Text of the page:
Abdul Hamid Abu Sulayman
The Ummah was built on the foundation of tawhid, istikhlaf, the pursuit of knowledge, and personal and communal responsibility. Although it was once a leading creator of and contributor to human civilization, over the last few centuries it has become weak and backward to the point of crisis.
(Extracted from “The American Journal of Islamic Social Sciences” 19:3)
The awareness of the Ummah’s regression is almost 1,000 years old, dating back far beyond the challenges of European colonization and westernization. We can trace this back to Abu Hamid al-Ghazali’s Ihya Ulum al-Din (the revival of the knowledge and sciences of religion) and Tahafat al-Falsafah (The Incoherence of the Philosophers). Since then, the Ummah has produced dozens of revivalist personalities and movements, such as Ibn Hazm, Ibn Taymiyyah, Ibn ‘Abd al-Salam, Ibn ‘Abd al-Wahhab, the Muwahiddun, the Murabitun, the Mahdis of Sudan, the Sanusis of Libya, the Ottoman sultan Salim III, Khayr al-Din al-Tunisi, Muhammad ‘Ali, Jamal al-Din al-Afgani, Rashid Rida, Muhammad ‘Abdu of Egypt, Shah Waliullah and Muhammad Iqbal of India, Amir ‘Abd al-Qadir and Ben Badis of Algeria, and many others. All of these individual efforts and movements helped minimize and slow down the Ummah’s deterioration, and without them the Ummah’s condition and chances of survival could have been much worse. Despite these benefits, however, the Ummah’s desired successful revival, confrontation with the western challenge, and progress as a creator of and contributor to civilization has not been fully achieved.
We must ask why the goals were not achieved. What was missing? How can we restore the Ummah to its role as a creator of and contributor to a spiritually, morally, and materially balanced civilization? From the spiritual and moral standpoint, Muslims cannot confront the challenge of a contemporary materialistic and atheistic civilization until they can deal with its scientific and technological challenges. Although there are many ways to do this, the priority is to discover the real reason for our civilizational crisis and poor performance. Again, what is missing? Why are we unable to revive and motivate the Ummah, to confront and successfully deal with these challenges, and to rebuild our public institutions and achieve excellence in economic performance, science, and technology?
The most vital task is to concentrate on the real reason, for dealing with symptoms and side-effects will not resolve the problem. Only after determining the real reason can we lay sound plans and order our priorities. If we are serious, we should not simplify issues and answer our questions with other questions, such as saying that our failure is a result of neglecting our religion. The question remains: Why have we neglected our religion, even though outwardly we profess our adherence to it and accept it as the source and reason for our success? We have to search for the basic reasons of what has happened, as well as why and how it happened.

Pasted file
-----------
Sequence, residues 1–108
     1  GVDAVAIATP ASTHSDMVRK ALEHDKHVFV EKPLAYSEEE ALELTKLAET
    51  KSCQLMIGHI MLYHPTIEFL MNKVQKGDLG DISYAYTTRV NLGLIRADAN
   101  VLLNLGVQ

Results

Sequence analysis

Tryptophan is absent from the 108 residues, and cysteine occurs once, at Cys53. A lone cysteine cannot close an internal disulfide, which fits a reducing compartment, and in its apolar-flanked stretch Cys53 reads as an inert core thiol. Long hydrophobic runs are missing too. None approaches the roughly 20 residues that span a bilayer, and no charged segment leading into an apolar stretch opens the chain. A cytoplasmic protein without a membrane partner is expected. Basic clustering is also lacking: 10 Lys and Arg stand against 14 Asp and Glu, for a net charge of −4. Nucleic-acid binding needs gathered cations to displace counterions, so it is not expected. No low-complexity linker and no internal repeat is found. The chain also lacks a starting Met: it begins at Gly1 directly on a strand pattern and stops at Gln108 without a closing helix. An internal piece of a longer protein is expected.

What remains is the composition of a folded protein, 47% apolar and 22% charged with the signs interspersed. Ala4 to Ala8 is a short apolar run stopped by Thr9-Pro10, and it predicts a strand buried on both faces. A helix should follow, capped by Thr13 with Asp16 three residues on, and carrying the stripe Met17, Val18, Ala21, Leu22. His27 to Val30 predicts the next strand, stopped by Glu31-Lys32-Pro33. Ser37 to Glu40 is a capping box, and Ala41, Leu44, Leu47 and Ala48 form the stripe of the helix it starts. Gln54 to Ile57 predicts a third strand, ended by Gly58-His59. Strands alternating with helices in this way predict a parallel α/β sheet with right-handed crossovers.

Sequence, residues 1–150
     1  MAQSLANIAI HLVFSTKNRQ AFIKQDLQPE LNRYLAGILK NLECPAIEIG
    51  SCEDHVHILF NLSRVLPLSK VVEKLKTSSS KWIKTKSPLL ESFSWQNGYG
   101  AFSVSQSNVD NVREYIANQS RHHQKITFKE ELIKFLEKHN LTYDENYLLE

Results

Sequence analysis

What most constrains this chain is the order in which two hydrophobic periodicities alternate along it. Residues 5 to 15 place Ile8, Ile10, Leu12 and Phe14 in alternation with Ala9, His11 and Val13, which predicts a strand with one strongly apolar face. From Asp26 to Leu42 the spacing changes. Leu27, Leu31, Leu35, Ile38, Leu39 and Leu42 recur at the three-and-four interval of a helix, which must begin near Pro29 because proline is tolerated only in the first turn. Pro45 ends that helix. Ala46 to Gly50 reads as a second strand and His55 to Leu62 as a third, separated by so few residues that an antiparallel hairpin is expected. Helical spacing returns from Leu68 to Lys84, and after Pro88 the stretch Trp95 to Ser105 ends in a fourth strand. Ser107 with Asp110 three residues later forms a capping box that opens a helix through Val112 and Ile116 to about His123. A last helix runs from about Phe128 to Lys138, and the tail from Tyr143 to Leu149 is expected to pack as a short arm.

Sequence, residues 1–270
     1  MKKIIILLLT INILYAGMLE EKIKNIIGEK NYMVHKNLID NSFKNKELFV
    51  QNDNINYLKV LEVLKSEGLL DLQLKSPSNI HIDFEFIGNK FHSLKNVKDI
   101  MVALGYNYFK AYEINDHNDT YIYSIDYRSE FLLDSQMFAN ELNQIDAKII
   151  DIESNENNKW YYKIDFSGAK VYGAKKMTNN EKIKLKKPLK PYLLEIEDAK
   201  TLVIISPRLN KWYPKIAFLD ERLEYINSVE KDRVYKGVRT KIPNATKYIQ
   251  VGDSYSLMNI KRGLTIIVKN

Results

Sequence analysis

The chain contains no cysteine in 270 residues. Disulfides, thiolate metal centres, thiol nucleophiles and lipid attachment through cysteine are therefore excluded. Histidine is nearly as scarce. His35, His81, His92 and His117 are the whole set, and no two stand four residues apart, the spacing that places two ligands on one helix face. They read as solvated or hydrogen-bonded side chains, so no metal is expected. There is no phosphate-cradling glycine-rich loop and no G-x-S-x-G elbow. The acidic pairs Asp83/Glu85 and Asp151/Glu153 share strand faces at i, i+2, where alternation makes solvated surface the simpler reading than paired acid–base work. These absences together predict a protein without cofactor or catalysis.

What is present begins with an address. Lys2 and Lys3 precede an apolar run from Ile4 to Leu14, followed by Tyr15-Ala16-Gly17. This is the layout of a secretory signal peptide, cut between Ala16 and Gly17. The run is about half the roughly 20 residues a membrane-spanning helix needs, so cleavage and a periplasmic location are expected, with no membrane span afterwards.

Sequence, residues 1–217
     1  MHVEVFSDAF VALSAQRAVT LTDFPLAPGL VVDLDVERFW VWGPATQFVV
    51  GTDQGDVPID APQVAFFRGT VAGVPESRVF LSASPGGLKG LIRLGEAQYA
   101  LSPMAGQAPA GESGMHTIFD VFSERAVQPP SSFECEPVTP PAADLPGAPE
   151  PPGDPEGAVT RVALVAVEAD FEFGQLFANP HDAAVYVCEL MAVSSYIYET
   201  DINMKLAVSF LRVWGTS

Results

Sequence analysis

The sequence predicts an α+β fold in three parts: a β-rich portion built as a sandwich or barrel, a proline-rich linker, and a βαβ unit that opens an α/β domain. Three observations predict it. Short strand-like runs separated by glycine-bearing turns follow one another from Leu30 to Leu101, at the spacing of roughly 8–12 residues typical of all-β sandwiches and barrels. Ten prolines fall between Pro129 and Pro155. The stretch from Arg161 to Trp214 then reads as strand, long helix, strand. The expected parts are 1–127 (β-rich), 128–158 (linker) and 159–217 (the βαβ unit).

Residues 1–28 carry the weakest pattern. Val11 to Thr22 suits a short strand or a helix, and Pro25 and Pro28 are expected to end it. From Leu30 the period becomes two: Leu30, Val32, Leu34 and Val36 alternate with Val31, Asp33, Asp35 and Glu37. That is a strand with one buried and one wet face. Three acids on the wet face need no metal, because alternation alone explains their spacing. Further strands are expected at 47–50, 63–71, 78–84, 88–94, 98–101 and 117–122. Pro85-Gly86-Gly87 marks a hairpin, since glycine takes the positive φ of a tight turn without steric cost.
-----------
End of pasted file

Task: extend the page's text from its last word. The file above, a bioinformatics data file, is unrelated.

As usual, we can guess and continue guessing the answers. However, if we want an accurate answer we must begin from the facts and the real issues facing us. Simply put, we are in a crisis because the Ummah has failed to deal successfully with western science and technology.
This leads to the real question: Why, since the eighteenth century, has the Ummah failed to confront this challenge and acquire the knowledge and mastery of science and technology? Our technical and academic institutions strive for scientific and technological excellence, import machines and factories, and open their countries to foreign companies and investors in order to build and use their knowledge in their imported factories. The Muslim world’s urban upper classes know and use modern machinery. But most Muslims do not participate in mastering and developing them, and so they remain strangers to these concepts and facilities. This explains why our rich Ummah of 1.2 billion people produces only one-fourth of what Japan produces. We produce raw materials and establish assembly plants. For example, one ton of iron may be worth several thousand dollars. 80 The American Journal of Islamic Social Sciences 19:3 However, the 120 million people of resource-poor Japan export the same iron through Sony, Mitsubishi, and other companies in high-tech and electronic products worth millions of dollars.